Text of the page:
Aun no me puedo recordar donde o cuando fue que por primera vez escuche acerca de los eventos Whop-O-Rama, pero si tuviera que adivinar probablemente diría que fue a través del "PAIPO debote", Glenn Sakamoto de la revista Liquid Salt Magazine. En los 70' recuerdo que tratamos de utilizar nuestras sandalias como "Handplanes" para correr las olas, fuera de esta experiencia no he tenido la oportunidad de experimentar esta modalidad de "Handplanes". Realmente no tengo idea de que esperar de este evento. En el momento en que llegue a la playa en Leucadia, descubrí un gran grupo de personas amantes de la diversión de todas las edades; compartiendo las olas del mar con sus diferentes y muy originales equipos "rides" para una sección que se me hace difícil renombrar. Hace ya un mes de esta dia y aun puedo escuchar las carcajadas de risa y ver las sonrisas de las personas. Si en algún momento descubres uno de estos eventos ya sea por Facebook o en algún otro de los medios, no lo pienses, ya que es garantizado que te divertirás en grande. Para tener una mejor idea de lo que es Whomp-O-Rama, nos encontramos con su propietario Christine Brailsford ( en la siguiente foto) para conocer su opinión del evento. Christine Brailsford, Whomp Handplanes.  Photo by Chris Grant, Jettygirl Online Surf Magazine. Jettygirl: A diferencia de algunas corporaciones que respaldan las demostraciones en la playa (beach demos), los Whomp-O-Rama tienen una forma peculiar, distinta y mucho mas relajada. Durante el evento no se escucho un comentario negativo, ningún mal de ojo, o ambiente hostil en lo absoluto; por el contrario fue muy agradable el poder ver a todas las personas sonriendo, compartiendo las olas y aclamándose los uno a otros. Dígannos un poco mas acerca de este dia. Christine Brailsford: Admito que me encontraba nerviosa unos días previos al evento. Según el reporte del tiempo parecía ser que estaría nublado, sin olas y con vientos en dirección a la costa ( onshore). Con mis dedos cruzados tome la decisión de realizar el evento. En la mañana del evento las condiciones amanecieron perfectas con marea alta, sin viento y un oleaje de 3-5 pies con secciones buenísimas y tubos. Un maravilloso grupo de "whompers" se presento para probar sus tablas, tomar fotos y pasarla bien. Traje algunos "paipos" ( bellyboards) y "handplanes" (tabla de mano) de demostración, para todas las personas presentes. Fue muy agradable ver muchas caras conocidas y nuevas en el agua; surfiando y compartiendo las olas. Durante varias horas nos adueñamos de este punto de la playa- todo el mundo riéndose a carcajadas y apoyándose a gritos los unos otros. Definitivamente fue un dia memorable. Whomp-O-Rama with Christine Brailsford. Whomp Handplanes. Photo by Chris Grant, Jettygirl.com. Whomp-O-Rama with Christine Brailsford. Whomp Handplanes. Photo by Chris Grant, Jettygirl.com. Whomp-O-Rama with Christine Brailsford. Whomp Handplanes. Photo by Chris Grant, Jettygirl.com. Whomp-O-Rama with Christine Brailsford. Whomp Handplanes. Photo by Chris Grant, Jettygirl.com. Podemos observar una gran variedad de 'handplanes" con diferentes diseños y formas. Debido a que estos Handplanes son muy pequeños y poseen una reducida área, nos interesa saber si de alguna manera se puede notar la diferencia en los diferentes modelos y formas de estos “handplanes” al correr las olas o si es solo parte de la estética de estos? Usando un handplane puedes coger olas fácilmente y proyectarte en la ola mucho mas rápido. Existen muchas variantes al momento de escoger el “Handplane” apropiado para las diferentes condiciones. El mayor enfoque de mis “Handplanes”, es su flexibilidad. La flexibilidad te permite girar con una mayor naturalidad, como si estuvieras haciendo bodysurfing, sin usar un “handplane”. El diseño de las colas (tails), materiales y forma contribuyen a su flexibilidad. Las diferencias en tamaños trabajan de misma forma que en las tablas de surf. • Las grandes (18″-19″) trabajan bien en olas grandes o en personas de gran tamaño. • Las medianas (14″-15″) trabajan bien en la mayoría de las condiciones y corredores. • Las pequeñas (11″ o menos) son buenas para olas tubulares. También funcionan para los niños. Un Paipo es probablemente el mas veloz artefacto para correr las olas. Es muy parecido a un "Bodyboard" al momento de coger las olas, pero muy distinto en otras cosas. En lugar de flotar sobre la superficie de la ola, estos tienen bordes duros que se entierran en la ola. Esto ayuda a generar velocidad de planeación. Sus bordes actúan como una quilla que te permita controlar los giros en la parte baja de la ola. La parte de abajo de mis Paipos tienen un cóncavo singular y un laminado en la parte superior de la tabla. El tamaño de estos se basa en la estatura, peso y habilidad del corredor. Para las personas que le interese ponerse en contacto con ustedes para ordenar "Handplanes" hechos a mano, cual es el proceso a seguir tomando en cuenta que cada uno de estos es único? Si están interesados en obtener un "Handplane" o un Paipo hecho a la medida o de los que tenemos en inventario nos pueden contactar a través de nuestro correo electrónico at whomphandplanes@gmail.com y para mas información acerca de ordenes, preguntas generales o listas de tiendas locales donde pueden conseguirlos. También pueden echarle un ojo a mis tablas y a mi trabajo, en el portal de la Internet whomphandplanes.tumblr.com. Algún comentario final, o alguna influencia? Quiero agradecer a todos por su apoyo continuo. Estoy muy feliz de poder compartir lo que hago con otras personas. Muchas gracias desde lo mas profundo de mi corazón :). Whomp-O-Rama with Christine Brailsford. Whomp Handplanes. Surf photo by Chris Grant, Jettygirl Online Surf Magazine. Whomp-O-Rama with Christine Brailsford. Whomp Handplanes. Surf photo by Chris Grant, Jettygirl Online Surf Magazine. Whomp-O-Rama with Christine Brailsford. Whomp Handplanes. Surf photo by Chris Grant, Jettygirl Online Surf Magazine. Whomp-O-Rama with Christine Brailsford. Whomp Handplanes. Surf photo by Chris Grant, Jettygirl Online Surf Magazine. Whomp-O-Rama with Christine Brailsford. Whomp Handplanes. Surf photo by Chris Grant, Jettygirl Online Surf Magazine. Whomp-O-Rama with Christine Brailsford. Whomp Handplanes. Surf photo by Chris Grant, Jettygirl Online Surf Magazine. Whomp-O-Rama with Christine Brailsford. Whomp Handplanes. Surf photo by Chris Grant, Jettygirl Online Surf Magazine. Whomp-O-Rama with Christine Brailsford. Whomp Handplanes. Surf photo by Chris Grant, Jettygirl Online Surf Magazine. Whomp-O-Rama with Christine Brailsford. Whomp Handplanes. Surf photo by Chris Grant, Jettygirl Online Surf Magazine. Christine Brailsford, Whomp Handplanes. Surf photo by Chris Grant, Jettygirl.com Whomp-O-Rama with Christine Brailsford. Whomp Handplanes. Surf photo by Chris Grant, Jettygirl Online Surf Magazine. Whomp-O-Rama with Christine Brailsford. Whomp Handplanes. Surf photo by Chris Grant, Jettygirl Online Surf Magazine. Whomp-O-Rama with Christine Brailsford. Whomp Handplanes. Surf photo by Chris Grant, Jettygirl Online Surf Magazine.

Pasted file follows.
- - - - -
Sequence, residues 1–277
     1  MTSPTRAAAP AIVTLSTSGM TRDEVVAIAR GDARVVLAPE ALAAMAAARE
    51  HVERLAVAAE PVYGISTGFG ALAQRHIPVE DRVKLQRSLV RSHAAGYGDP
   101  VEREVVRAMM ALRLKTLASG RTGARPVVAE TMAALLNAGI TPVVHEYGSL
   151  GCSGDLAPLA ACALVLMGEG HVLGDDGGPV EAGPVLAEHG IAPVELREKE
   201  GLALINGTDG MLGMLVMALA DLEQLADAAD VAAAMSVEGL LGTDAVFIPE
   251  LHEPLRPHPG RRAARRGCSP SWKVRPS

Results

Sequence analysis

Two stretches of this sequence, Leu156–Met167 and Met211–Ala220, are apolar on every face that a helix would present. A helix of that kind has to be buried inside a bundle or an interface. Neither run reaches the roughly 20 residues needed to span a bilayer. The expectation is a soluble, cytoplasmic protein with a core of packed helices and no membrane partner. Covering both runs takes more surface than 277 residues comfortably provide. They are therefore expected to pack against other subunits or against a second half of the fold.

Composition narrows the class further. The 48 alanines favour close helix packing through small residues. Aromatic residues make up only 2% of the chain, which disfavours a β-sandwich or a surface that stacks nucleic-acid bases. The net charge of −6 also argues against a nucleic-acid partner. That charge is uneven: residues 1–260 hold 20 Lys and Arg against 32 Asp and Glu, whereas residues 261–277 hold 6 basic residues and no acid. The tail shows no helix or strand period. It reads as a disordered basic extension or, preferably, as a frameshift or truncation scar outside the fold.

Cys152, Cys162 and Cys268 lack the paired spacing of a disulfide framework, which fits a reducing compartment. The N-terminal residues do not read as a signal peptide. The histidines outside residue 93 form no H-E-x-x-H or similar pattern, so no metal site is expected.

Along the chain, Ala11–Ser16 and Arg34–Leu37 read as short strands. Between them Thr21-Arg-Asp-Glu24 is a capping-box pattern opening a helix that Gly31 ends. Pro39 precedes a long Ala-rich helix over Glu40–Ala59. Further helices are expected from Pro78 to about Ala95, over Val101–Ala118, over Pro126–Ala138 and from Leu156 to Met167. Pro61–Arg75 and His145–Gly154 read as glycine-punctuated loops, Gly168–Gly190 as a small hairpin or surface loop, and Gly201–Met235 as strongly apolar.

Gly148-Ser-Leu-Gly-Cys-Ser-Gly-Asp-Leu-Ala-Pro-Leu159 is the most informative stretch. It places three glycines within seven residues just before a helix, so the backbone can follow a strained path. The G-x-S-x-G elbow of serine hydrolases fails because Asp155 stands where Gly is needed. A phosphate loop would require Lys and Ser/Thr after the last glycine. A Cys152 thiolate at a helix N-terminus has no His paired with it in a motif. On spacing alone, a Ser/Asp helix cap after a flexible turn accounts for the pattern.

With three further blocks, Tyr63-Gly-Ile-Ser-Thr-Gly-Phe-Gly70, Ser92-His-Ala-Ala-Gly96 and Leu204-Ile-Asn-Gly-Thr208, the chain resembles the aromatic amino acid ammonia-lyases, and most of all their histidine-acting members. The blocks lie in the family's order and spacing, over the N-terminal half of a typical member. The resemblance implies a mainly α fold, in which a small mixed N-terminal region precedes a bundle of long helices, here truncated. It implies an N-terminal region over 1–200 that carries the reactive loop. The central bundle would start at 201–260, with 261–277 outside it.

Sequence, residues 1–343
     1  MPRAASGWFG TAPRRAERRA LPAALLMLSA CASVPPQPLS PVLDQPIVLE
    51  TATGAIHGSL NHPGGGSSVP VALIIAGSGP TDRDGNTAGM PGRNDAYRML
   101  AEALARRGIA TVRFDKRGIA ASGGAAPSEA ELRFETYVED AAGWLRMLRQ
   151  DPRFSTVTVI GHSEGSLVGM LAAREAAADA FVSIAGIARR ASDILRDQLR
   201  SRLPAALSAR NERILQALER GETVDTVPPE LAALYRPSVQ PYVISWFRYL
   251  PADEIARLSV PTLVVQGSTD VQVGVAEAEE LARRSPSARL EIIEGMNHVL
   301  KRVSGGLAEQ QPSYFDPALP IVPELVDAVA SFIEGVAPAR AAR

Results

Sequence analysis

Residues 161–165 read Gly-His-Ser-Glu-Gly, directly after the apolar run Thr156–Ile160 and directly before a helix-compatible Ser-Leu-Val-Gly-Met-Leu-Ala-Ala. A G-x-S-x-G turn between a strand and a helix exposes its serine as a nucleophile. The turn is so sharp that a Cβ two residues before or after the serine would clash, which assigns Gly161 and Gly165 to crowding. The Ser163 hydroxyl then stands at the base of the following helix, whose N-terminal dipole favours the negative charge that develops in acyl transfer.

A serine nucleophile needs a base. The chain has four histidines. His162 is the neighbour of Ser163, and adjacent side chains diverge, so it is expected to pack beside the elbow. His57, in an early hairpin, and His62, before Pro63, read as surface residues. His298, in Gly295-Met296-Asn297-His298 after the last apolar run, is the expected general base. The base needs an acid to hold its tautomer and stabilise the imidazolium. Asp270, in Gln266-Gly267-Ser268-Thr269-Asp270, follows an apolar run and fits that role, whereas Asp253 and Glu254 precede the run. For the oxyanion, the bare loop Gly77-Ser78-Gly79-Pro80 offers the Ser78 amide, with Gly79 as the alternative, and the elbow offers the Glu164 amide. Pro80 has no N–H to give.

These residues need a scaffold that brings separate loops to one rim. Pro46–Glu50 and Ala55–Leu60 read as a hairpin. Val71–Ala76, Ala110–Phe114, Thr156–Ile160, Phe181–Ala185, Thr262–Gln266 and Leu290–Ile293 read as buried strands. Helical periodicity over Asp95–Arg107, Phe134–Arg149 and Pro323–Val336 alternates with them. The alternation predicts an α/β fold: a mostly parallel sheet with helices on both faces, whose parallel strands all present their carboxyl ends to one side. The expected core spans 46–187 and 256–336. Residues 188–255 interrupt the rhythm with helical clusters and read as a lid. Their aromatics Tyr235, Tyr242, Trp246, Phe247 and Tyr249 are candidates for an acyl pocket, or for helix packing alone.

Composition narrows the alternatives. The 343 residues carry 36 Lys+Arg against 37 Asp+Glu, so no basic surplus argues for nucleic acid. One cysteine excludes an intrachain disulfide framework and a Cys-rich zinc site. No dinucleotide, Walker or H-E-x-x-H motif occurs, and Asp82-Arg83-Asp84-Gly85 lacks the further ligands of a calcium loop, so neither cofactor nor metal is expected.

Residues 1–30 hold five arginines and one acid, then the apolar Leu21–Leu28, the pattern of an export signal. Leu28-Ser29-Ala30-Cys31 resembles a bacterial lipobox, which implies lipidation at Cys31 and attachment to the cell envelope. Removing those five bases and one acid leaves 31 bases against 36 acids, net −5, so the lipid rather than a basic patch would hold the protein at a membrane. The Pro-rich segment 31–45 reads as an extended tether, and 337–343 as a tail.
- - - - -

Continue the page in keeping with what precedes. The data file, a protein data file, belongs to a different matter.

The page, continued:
Additional Resources: Whomp Handplanes - 100% hand-made handplanes, paipos, fins, and surfboards by Christine Brailsford Wegener Surfboards - surfboards and alaias shaped in Encinitas by Jon Wegener Liquid Salt Magazine - celebrating the culture of surfing